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The recent Woolworths case – and the media and Fair Work Ombudsman’s reaction – highlights how easily and frequently employers are getting caught out and labelled as wage thieves. Will you be next?

Woolworths is just the latest high-profile employer to have underpaid its staff, in this case by hundreds of millions.  Though it admitted its breaches, it is facing potential prosecution, which could see it pay massive penalties on top of the estimated $300 million it discovered that it owes its employees.

Woolworths says the error was inadvertent and will be rectified.  So said the ABC, Wesfarmers, and business associated with George Colombaris and Neil Perry – and many others. But unions and the media still call it theft.

Rectifying a mistake is no longer good enough. The Fair Work Ombudsman Sandra Parker has been quoted as saying that corporations should pay as much attention to payroll compliance as they do to other business processes.1  Employers are expected to invest in processes that proactively ensure that “errors” do not occur.  In a media release published on the FWO website she says companies “must understand that admission is not absolution. Companies should expect that breaking workplace laws will end in a public court enforcement outcome.”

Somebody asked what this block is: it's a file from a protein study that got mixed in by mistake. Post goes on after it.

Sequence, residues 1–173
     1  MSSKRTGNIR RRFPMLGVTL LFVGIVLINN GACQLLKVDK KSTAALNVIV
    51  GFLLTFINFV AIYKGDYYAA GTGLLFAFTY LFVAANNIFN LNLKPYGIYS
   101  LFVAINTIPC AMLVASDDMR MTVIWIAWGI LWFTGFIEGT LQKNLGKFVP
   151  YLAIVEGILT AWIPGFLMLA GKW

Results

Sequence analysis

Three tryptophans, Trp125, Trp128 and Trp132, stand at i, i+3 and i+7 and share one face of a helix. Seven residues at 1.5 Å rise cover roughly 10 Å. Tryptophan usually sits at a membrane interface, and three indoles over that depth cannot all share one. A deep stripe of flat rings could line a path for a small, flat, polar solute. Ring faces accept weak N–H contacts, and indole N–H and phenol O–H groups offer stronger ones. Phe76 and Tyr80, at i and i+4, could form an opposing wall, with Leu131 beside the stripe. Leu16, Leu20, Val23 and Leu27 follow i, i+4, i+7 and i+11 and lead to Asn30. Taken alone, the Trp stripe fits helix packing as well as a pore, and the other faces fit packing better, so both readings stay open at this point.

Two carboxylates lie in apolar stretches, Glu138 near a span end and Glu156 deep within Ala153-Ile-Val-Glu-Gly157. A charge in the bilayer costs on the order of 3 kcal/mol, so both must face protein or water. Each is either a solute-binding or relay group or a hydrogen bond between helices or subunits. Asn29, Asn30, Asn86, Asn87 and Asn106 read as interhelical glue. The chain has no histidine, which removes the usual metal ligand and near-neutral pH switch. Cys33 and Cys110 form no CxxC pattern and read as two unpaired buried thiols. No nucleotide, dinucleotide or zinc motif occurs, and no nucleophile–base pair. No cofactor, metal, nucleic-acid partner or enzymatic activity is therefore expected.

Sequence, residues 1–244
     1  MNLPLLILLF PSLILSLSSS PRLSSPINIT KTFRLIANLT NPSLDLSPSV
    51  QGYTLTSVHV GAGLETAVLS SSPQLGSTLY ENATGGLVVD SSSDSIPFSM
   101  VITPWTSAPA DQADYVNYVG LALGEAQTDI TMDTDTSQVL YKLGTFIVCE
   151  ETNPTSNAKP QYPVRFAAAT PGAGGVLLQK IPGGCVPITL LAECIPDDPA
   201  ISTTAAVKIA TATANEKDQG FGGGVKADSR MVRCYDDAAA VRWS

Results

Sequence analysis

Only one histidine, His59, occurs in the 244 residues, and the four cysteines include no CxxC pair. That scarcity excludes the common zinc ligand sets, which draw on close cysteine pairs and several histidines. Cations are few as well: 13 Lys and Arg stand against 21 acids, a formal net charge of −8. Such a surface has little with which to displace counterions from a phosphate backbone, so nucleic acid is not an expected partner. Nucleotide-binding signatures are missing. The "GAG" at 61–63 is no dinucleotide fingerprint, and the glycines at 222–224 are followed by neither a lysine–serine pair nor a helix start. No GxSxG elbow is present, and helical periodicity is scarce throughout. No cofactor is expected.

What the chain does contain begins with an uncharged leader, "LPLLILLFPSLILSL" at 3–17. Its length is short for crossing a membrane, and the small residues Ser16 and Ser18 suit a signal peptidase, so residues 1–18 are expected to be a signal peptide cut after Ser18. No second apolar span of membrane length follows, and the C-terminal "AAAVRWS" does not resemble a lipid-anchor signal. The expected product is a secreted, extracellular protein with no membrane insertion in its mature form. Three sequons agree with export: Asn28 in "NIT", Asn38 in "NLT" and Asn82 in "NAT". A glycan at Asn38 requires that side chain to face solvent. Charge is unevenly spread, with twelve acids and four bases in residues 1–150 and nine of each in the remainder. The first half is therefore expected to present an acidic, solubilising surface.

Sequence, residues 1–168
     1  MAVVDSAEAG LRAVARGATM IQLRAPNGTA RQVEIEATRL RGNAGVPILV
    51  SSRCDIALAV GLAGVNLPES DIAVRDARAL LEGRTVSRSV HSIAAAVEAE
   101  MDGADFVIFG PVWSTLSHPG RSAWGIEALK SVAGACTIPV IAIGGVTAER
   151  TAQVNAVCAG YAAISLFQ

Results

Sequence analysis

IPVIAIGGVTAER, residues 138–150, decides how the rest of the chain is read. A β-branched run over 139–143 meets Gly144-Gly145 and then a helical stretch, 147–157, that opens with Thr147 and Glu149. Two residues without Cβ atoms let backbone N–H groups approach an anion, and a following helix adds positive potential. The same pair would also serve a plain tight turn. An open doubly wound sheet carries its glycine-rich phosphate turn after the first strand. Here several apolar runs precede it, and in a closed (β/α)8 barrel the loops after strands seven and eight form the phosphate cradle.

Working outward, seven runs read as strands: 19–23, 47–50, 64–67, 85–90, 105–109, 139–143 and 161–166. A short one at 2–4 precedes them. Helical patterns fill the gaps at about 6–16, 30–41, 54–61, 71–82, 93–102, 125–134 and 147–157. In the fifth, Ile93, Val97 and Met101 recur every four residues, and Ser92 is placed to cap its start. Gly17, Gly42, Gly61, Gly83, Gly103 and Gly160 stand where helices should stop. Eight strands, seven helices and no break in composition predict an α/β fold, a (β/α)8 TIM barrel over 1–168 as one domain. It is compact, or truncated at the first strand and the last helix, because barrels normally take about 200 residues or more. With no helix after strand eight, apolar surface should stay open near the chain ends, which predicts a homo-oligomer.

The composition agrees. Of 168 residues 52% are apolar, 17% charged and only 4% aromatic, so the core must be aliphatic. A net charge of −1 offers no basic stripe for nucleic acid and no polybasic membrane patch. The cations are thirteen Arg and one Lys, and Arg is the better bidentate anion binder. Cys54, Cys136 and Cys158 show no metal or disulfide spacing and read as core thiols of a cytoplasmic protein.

One source of error is that employers negotiate a new agreement but do not put in an implementation change project plan to monitor that changes are done correctly.  Another is an assumption by staff that they understand and interpret a clause or entitlement correctly, without a secondary verification from a qualified person.

Require further information/assistance?

EMA Consulting has staff who are experienced at reviewing processes for systematic weaknesses in industrial instrument compliance. We could help your business review its compliance with a comprehensive audit and report. 

If you require further information or advice, please contact one of our consultants.


1 See eg The Guardian on line, 3 November 2019

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